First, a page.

Genitoplasty surgical procedures are surgeries to the female genitals (vulva, vagina, clitoris...). In some cases, genoplasty is performed because of medical indications but mostly because of cosmetic reasons. The most common surgical procedures are labiaplasty (procedure for augmenting or reducing the labia), cliteroplasty, hymenoplasty (reconstruction of hymen) and vaginal plasty (artificial narrowing of vagina). [2] [3] Further operations are liposuction of the mons veneris and the outer labia or the augmentation of the G-spot with the help of collagen, hyaluronan or lipo- injections. [4] Besides, a genitoplasty can be performed in the context of a sex reassignment surgery. [1] [EXTERIOR VIEW] [INTERIOR VIEW] [SEX REASSIGNMENT SURGERY]

Medical indications
A medical indication is a necessary method used in case of certain diseases, for example, larger labia might cause rubbing in certain sports, such as horseback riding, and thus lead to painful inflammations and swellings. [5] A clitoral hood which is grown together might cause pain in every movement so that a surgical procedure can quickly bring alleviation in everyday life and love life. [6]

Aesthetic surgery
Aesthetic surgery or operations are performed without medical indications, only at the desires of patients who are discontent with the appearance of their body or certain body parts. Due to intimate shaving, the female sex has been "unveiled", both in private and public space. According to the psychologist Ada Borkenhagen, (Department of Medical Psychology and Medical Sociology of the University of Leipzig) this is why the individual differences of female genitals attract more attention. "The ideal established by mass media conforms to the general norm of youthfulness: A genital area which looks like the one of a young girl and resembles the upper side of a bun while the outer labia cover the inner ones and they don't appear bulky in tight tangas or bikini panties". [7] A western "designer vagina" should be as untouched as possible, hairless and preferably have small labia. [3]

There are increasing demands for genitoplasty even if hitherto only 0.08 per cent of surgeries are cosmetic procedures (2009). Based on the British National Health Service, the numbers of genitoplasty surgical procedures doubled from 2004 to 2009. In the US, the amount of operations in the genital area increased to 30 per cent between 2005 and 2006. (Source: American Society of Plastic Surgeons) [8]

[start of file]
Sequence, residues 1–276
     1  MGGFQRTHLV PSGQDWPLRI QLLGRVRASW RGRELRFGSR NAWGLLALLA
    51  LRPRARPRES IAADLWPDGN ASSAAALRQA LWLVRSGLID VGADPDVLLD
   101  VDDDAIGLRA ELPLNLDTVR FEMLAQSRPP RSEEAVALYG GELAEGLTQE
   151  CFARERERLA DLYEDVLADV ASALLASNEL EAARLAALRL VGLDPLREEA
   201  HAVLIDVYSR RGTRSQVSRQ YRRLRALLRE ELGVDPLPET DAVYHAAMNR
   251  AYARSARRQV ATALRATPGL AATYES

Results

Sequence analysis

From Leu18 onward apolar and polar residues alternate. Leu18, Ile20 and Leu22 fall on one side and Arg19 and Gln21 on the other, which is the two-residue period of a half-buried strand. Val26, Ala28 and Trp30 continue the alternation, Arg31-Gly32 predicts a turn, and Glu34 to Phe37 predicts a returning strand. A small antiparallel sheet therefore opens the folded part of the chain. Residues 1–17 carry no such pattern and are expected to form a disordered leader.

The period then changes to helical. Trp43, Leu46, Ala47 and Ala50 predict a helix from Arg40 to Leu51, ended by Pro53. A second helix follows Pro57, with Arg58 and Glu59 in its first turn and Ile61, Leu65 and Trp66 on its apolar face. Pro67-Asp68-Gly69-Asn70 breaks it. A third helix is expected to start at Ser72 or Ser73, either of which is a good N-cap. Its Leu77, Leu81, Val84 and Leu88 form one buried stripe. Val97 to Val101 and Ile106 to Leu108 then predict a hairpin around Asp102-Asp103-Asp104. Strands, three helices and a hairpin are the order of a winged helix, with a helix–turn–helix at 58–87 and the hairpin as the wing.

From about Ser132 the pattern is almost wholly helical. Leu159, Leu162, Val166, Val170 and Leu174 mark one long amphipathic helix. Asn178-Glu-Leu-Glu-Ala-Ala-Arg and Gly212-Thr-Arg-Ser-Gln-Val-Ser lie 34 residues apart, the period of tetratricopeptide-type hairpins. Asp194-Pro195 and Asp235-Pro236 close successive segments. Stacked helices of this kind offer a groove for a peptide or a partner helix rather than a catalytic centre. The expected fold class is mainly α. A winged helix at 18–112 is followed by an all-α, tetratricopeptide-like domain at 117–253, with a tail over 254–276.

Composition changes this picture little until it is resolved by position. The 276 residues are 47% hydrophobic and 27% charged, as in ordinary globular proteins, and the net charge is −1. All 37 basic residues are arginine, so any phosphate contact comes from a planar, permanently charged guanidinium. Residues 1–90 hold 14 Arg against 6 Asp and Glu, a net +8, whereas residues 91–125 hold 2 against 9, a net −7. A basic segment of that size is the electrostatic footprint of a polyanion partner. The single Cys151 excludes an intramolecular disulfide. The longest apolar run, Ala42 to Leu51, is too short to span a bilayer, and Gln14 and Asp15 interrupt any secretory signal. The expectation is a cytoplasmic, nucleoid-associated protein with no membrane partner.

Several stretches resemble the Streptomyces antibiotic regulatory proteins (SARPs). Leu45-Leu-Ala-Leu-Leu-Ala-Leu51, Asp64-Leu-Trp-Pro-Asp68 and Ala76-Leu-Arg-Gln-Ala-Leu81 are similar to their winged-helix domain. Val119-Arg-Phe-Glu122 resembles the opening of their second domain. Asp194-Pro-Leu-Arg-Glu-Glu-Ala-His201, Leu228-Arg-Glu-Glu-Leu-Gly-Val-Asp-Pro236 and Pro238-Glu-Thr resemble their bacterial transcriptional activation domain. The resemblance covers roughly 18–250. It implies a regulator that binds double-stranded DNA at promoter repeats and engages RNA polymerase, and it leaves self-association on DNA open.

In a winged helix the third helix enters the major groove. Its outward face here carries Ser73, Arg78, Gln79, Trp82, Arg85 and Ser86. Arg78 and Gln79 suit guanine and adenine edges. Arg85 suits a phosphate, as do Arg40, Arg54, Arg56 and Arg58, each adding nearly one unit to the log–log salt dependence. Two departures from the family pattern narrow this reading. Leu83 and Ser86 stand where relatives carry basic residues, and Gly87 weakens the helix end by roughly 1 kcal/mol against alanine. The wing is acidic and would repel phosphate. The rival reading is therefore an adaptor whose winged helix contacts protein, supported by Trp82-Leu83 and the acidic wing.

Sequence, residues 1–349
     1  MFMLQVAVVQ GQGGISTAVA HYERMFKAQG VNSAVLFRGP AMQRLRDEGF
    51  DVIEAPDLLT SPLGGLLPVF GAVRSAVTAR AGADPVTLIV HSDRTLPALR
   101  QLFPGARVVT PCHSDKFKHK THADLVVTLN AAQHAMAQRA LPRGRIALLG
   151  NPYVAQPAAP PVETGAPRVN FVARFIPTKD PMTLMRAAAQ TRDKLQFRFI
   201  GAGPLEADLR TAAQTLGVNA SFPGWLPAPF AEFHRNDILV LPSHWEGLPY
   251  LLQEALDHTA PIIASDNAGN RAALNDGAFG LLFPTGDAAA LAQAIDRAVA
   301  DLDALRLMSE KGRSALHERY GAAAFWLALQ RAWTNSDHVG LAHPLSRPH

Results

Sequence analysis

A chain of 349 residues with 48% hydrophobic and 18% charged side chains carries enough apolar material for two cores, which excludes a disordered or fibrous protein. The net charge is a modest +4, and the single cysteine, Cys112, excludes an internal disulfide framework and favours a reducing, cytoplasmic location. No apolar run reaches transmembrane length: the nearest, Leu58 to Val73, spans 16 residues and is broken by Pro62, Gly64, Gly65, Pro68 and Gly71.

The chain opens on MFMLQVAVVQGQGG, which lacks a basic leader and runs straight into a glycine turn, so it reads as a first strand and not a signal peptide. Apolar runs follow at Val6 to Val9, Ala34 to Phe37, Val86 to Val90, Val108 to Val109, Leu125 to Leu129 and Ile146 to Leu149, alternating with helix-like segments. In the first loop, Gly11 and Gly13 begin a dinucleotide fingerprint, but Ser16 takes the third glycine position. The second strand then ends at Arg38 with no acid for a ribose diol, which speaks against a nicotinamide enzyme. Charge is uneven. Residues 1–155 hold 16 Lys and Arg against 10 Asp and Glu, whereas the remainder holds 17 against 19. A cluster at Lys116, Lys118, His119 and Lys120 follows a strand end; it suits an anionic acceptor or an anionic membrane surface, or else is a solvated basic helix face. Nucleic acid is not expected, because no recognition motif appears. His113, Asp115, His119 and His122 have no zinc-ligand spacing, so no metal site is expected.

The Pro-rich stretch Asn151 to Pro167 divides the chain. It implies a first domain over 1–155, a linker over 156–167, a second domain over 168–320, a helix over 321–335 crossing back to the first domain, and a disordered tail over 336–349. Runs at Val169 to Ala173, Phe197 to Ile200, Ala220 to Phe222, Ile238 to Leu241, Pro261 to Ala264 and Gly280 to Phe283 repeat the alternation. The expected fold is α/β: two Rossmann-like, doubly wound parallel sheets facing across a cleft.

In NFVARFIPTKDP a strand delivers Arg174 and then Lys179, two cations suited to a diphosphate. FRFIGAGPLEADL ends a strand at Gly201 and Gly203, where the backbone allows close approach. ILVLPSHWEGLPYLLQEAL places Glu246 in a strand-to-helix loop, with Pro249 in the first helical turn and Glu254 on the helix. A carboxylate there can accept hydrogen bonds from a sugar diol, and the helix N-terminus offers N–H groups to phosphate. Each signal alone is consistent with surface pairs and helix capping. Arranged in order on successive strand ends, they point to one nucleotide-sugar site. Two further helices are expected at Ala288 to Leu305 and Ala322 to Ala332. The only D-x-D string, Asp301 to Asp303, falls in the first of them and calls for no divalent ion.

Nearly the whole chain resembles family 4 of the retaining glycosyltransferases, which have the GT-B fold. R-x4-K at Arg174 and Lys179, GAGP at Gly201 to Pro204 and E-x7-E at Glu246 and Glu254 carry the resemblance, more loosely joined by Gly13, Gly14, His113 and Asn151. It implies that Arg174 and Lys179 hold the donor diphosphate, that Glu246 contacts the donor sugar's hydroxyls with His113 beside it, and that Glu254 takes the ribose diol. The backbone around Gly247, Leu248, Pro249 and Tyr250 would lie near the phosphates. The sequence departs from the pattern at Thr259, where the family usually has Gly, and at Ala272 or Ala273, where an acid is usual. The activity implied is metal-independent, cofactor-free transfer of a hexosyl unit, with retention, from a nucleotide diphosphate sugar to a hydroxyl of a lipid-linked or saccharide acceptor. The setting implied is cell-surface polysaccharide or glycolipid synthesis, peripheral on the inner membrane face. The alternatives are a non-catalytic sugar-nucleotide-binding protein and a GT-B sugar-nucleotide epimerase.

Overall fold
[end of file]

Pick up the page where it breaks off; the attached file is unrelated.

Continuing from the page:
Side effects and late complications
Studies and scientific observations are still missing in this field. Exact data on short-term and long-term effects are not available. According to the German Society of Gynecology and Midwifery, side effects like swellings, wound healing disorders and inflammations are certain to appear directly after the operation. Long-term effects include scars, chronic inflammations, sensibility disorders and functional interferences. They can cause pain during walking, sitting, sports and intercourse and thus influence sexual life massively, even years after the procedure. [2] [4]

The question of absolute beauty is answered differently in various cultures even if similar aesthetic ideals like youth, symmetry and health are prevalent. However, when it comes to genitals, cultural approaches to perfect looks differ completely: In parts of Africa preferably big and wide inner labia are a symbol for beauty and fertility. In Japan, the labia are ideal when they are in the shape of a butterfly and the pubic hair is bushy. In the western world, the hairless vulva and small labia are currently a worthwhile ideal. [9] [LABIA]

Modern treatment offers the chance to adapt even the most intimate part of the human body to aesthetic feeling. It should still be questioned in what way norms from media and porn culture motivate such procedures. Genitoplasty might relieve women who suffer from their "abnormality" but the physical effects as well as the effects on pleasure and sexual experience are unforeseeable. [2] [3]

Further Links:

The Perfect Vagina, Lisa Rogers and Heather Leach, 2008 (Documentary YouTube)
Vulva 3.0, Claudia Richarz and Ulrike Zimmermann, 2014 (Trailer)
Quick Change, Eduardo W. Roy Jr., 2013 (Trailer)